I log a lot of highway miles each year, which provides ample time to contemplate life and the world’s many mysteries.[i] During a serious recent roadtrip (22 hours of roundtrip driving in 64 hours) my thoughts fell back on a column I wrote six years ago, exploring an enigma that is impossible to avoid when one is grinding their way down the interstate: what is wrong with all these people creeping along in the left lane?!
In “Keep to the Right!” I decried the lack of compliance with state law here in Delaware and across the country, the all-too-common practice of left lane loping (or loafing, or lingering) wherein drivers blissfully slug along in the left lane, blocking other law-abiding chauffeurs from using the lane as it was intended, for passing slower traffic.
Just about every state, Delaware included, has laws restricting use of the left lane for faster-moving traffic. Eleven states actually forbid driving in the left lane for anything other than passing or turning.
Clearly many drivers are simply unaware of this crucial roadway rule. The two teenage drivers in our household tell me the law certainly didn’t get much if any attention in their driver’s ed classes.
While that is an unfortunate mistake, you’d think that after a few years of experience behind the wheel most Americans would figure out that they should obviously stick to the right unless they were passing, right?
That may be annoying to people like me, but you may be asking, with all the crazy things going on this world, what is the big deal?
Left lane loping is a serious problem because it causes unnecessary traffic, impeding the free flow of people and goods on our roadways and causing dangerous conditions. More than 90 percent of Americans drive to work, and well over 3.5 million of us either drive trucks for a living or have a job that involves driving full-time. Of course millions more are simply going to pick up the kids or see grandma. With so many of us on the road for important reasons, traffic is a blight, with serious economic and social consequences including lost time and productivity, increased stress, fuel consumption and emissions, and, of course, more hazardous and deadly roads.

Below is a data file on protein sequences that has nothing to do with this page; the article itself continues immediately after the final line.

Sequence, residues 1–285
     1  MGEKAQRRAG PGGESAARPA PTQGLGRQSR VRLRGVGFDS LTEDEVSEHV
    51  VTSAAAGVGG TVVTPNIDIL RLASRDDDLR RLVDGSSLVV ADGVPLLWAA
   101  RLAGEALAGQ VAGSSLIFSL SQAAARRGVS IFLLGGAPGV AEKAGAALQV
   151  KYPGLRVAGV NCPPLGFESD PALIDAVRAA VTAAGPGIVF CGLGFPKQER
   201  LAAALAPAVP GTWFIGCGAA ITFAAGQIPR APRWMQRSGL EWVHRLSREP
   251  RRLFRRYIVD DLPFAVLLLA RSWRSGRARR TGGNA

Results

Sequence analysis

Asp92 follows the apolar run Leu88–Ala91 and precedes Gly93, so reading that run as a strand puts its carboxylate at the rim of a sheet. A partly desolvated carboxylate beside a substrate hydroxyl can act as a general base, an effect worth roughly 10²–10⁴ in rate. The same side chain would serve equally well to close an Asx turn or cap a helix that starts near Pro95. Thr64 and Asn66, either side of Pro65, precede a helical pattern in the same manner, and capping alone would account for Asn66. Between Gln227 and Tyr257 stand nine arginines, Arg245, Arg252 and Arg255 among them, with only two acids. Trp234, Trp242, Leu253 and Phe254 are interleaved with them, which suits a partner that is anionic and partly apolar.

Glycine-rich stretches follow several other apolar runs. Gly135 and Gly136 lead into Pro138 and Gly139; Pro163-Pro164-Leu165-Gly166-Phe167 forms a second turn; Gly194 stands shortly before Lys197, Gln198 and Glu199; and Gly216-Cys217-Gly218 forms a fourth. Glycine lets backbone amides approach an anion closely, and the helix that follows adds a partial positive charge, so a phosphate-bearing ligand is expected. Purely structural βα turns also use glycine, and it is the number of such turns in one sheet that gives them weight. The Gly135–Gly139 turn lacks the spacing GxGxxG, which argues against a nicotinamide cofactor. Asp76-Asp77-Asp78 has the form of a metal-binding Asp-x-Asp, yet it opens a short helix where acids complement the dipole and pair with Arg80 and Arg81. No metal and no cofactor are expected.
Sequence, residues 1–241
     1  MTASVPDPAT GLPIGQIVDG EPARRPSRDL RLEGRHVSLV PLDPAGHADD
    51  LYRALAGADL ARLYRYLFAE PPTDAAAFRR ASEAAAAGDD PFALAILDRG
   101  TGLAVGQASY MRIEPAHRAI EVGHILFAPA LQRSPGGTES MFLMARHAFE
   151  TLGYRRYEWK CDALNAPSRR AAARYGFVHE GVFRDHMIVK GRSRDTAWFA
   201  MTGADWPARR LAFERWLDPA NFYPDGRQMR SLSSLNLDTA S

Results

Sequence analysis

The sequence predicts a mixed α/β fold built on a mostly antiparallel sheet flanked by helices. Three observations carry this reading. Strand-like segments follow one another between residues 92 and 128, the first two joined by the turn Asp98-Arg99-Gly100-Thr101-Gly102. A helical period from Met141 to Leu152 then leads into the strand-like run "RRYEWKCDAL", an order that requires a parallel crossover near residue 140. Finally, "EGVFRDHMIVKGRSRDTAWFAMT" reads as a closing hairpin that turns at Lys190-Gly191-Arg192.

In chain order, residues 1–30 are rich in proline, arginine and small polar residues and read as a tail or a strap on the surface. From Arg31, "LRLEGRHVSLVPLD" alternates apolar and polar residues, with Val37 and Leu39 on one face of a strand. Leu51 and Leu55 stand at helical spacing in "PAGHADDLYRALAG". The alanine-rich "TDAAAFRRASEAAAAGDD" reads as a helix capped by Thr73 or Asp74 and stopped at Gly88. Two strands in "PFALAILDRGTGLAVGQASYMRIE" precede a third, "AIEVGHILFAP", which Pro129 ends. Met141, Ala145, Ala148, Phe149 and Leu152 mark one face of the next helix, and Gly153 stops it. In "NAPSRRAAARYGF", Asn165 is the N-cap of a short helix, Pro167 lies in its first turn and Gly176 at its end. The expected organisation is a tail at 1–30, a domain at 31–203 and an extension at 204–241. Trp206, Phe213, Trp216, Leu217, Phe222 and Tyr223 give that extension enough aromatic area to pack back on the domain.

This VOX video effectively demonstrates all the knock-on effects of left lane loping, concluding with the assessment that appropriate left-lane behavior makes the German Autobahn much quicker and safer to navigate than American highways.
So what to do?
Michigan annually cracks down on left lane scofflaws, with a “South Paw Initiative” (har har) focused on educating the public on the law and nabbing offenders who don’t get it. Officials there say most people are simply unaware of the rule. Earlier this year other states like Washington have rolled out ticketing campaigns for “camping” on the left.
Our Delaware code, Title 21, Chapter 41 (Rules of the Road), Subchapter III (“Driving on Right Side of Roadway; Overtaking and Passing, etc.”) states:
(a) Upon all roadways of sufficient width a vehicle shall be driven upon the right half of the roadway, except as follows: (1) When overtaking and passing another vehicle proceeding in the same direction under the rules governing such movement….
(b) Upon all roadways any vehicle proceeding at less than the normal speed of traffic at the time and place and under the conditions then existing shall be driven in the right-hand lane then available for traffic, or as close as practicable to the right-hand curb or edge of the roadway, except when overtaking and passing another vehicle proceeding in the same direction or when preparing for a left turn at an intersection or into a private road or driveway.
This critical law should be on the short list of essentials every new driver should know.
It is possible that someday soon the problem will go away when self-driving cars take over our highways. Presumably such vehicles will be programmed correctly, unlike so many spacey left-lane auto jockeys admiring the scenery.
But as we head toward the summer months when many of us will be hitting Rte. 1 en route to festivals, races and the beach, Delaware State Police should set a national example and send out the word that they won’t tolerate slowpokes clogging traffic by selfishly squatting in the left lane.
[i] According to the Federal Highway Administration, the average American drives 13,400 miles per year. https://www.fhwa.dot.gov/ohim/onh00/bar8.htm